After reading a friend’s research project on the Kinsol Trestle, I was intrigued to go see it for myself. The trestle bridge, built in the early 1900s to carry logging trains across a canyon over the Koksilah River, is up for a 3.7-million-dollar restoration after a long debate about its historical value. I had to see what all the fuss was about.
We packed the kids in the van and drove along the north side of Shawnigan Lake to find the Cowichan Valley Trail parking lot. The trail is part of the Trans Canada Trail system, which itself is worth exploring sometime.
Radio Flyer wagon in tow, we headed down the gravel trail towards the bridge. With no cars and only one other couple to share the trail with in the hour we were there, it was a relief to let the kids run free. After a 20-minute walk, maybe a little longer as we waiting for little legs to catch up, we saw the old curved timber-frame structure ahead. It looked like a game of pick-up sticks: take out a bottom one and the whole thing would collapse.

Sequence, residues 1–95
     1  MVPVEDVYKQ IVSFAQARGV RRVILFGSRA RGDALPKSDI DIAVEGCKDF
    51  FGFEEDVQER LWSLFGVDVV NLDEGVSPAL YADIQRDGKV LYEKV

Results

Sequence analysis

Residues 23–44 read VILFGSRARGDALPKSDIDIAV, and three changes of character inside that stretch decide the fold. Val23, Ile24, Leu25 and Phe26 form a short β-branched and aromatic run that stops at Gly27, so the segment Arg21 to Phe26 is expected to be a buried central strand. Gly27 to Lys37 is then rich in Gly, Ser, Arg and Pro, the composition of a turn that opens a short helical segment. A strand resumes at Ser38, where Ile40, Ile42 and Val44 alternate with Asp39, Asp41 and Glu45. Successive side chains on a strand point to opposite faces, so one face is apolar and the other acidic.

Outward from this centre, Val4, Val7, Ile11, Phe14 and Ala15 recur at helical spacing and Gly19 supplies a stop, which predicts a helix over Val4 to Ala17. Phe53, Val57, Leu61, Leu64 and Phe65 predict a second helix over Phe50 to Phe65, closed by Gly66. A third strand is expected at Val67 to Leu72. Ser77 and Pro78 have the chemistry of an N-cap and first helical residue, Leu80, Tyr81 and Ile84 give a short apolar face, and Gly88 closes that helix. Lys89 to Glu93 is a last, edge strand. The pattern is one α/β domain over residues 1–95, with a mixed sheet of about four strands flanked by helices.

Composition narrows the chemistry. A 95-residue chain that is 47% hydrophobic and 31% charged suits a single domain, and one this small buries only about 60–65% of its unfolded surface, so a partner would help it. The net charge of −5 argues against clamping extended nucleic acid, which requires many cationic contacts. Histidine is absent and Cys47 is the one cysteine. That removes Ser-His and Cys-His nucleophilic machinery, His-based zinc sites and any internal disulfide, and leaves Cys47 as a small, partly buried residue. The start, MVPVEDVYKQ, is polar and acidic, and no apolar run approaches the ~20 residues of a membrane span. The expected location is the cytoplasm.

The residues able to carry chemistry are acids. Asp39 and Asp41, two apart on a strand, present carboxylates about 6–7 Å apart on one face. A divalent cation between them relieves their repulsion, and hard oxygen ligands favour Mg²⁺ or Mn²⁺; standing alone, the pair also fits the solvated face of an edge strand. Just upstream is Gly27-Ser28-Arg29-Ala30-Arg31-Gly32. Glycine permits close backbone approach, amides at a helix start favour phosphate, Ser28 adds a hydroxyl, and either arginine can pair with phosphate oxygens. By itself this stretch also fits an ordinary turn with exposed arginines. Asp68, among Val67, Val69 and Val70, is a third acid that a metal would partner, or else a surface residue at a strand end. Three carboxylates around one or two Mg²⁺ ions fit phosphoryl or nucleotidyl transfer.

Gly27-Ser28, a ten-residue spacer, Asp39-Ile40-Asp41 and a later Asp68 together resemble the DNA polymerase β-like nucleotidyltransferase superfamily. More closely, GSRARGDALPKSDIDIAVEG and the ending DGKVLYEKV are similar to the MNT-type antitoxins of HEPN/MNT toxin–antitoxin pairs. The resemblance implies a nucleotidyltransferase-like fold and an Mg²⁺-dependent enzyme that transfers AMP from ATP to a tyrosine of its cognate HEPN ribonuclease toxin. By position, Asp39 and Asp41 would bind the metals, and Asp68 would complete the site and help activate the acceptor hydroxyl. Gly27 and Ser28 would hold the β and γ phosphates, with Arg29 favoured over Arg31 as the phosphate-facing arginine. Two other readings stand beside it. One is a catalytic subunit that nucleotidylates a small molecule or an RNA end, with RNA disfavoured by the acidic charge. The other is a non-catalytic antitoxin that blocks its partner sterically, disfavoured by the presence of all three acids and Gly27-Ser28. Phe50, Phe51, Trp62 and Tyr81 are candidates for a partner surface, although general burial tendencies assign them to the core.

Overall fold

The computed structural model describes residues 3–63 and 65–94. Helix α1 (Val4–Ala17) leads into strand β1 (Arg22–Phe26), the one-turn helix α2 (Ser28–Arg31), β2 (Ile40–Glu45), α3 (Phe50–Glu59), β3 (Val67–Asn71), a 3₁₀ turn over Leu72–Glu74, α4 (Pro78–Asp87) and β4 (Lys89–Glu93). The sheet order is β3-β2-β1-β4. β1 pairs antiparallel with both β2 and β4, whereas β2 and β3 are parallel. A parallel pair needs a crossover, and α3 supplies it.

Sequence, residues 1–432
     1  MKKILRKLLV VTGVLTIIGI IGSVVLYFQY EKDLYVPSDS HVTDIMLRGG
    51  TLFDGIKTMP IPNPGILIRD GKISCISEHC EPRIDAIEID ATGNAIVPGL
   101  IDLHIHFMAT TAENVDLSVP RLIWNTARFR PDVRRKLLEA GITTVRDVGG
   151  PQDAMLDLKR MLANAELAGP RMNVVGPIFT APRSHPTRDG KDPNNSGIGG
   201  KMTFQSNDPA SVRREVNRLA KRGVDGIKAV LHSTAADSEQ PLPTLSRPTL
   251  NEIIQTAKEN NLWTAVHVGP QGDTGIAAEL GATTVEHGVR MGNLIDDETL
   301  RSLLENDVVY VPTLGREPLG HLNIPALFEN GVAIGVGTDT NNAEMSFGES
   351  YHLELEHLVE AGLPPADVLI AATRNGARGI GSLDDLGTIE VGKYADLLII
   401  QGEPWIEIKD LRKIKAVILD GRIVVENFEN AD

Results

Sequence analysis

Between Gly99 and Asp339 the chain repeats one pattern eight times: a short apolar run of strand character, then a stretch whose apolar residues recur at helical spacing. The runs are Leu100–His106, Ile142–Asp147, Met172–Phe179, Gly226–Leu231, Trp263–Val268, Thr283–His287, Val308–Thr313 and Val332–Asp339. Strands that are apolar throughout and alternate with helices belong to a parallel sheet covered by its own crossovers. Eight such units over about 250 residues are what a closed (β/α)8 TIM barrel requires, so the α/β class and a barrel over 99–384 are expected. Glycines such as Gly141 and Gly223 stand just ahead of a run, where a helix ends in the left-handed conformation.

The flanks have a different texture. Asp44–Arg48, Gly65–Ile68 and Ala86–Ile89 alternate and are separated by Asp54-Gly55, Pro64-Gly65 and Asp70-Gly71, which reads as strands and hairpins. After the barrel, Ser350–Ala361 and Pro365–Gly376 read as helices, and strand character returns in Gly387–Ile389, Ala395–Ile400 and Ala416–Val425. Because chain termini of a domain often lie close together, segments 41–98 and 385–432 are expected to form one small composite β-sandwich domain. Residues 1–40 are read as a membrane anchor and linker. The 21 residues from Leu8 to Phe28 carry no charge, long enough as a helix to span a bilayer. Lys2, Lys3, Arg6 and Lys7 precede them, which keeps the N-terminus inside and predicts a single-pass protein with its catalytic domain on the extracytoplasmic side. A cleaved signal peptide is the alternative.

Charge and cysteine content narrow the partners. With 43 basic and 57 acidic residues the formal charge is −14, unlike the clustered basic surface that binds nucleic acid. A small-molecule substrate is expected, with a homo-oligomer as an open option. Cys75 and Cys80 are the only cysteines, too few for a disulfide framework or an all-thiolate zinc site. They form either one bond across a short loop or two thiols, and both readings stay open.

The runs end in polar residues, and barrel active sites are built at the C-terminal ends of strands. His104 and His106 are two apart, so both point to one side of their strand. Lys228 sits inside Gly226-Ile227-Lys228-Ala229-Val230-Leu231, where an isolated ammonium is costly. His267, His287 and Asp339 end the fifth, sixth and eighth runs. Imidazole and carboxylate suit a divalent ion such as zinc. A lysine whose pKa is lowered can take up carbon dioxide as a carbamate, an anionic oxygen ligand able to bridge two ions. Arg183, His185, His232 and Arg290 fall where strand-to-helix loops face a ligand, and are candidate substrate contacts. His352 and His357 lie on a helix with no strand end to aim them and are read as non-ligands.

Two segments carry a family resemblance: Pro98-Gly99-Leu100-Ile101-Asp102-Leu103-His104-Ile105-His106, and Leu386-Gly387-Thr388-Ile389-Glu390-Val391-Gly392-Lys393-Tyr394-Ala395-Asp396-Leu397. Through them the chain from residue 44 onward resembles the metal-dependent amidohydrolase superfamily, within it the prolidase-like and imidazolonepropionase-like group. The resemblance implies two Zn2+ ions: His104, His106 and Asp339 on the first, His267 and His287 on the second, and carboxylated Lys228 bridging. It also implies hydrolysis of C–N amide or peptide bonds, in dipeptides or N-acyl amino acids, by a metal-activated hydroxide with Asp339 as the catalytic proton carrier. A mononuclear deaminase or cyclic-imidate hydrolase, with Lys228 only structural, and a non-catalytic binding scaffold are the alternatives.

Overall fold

“How are we going to cross the bridge?” my almost four-year-old asked. The bridge is in rough shape. When you look at it, broken and tired, it’s hard to imagine a train ever crossing it safely. I explained to her that the bridge will be fixed soon and we will cross it then.
Looking at it, I felt a mixture of awe and sadness. Awe because this mammoth structure was built by hand to support the weight of a steam train pulling heavy logs. Sadness because it was left to rot. I wondered how it would look now had it been cared for since the 1980s, when the line was no longer used (logs were no longer transported by rail). That most of it remains standing is a testament to the intricate design, the old-growth log beams, the men who built it, and the crew who maintained the bridge in its heyday.
It was way past supper time and the mosquitoes were the size of daddy-long legs, so we left, starving. Luckily on the drive home we found the West Arm Grill, a great little pub-style restaurant looking over the western tip of Shawnigan Lake. The owner, Cheryl, was especially kind to our tired, hungry children.
I’m glad we saw the Kinsol Trestle before it is restored. It will be amazing when it’s complete, but probably won’t make me feel as nostalgic.
UPDATE (Feb 23, 2011): Kinsol is moments away from re-opening. Yvonne McNab (the friend I refer to below) of Angle5 Productions was recently featured in the Citizen for her documentary on the restoration. To find out more about her amazing work, email Yvonne.
How to get there
The Kinsol Trestle website has a map with directions to the north and south ends of the bridge.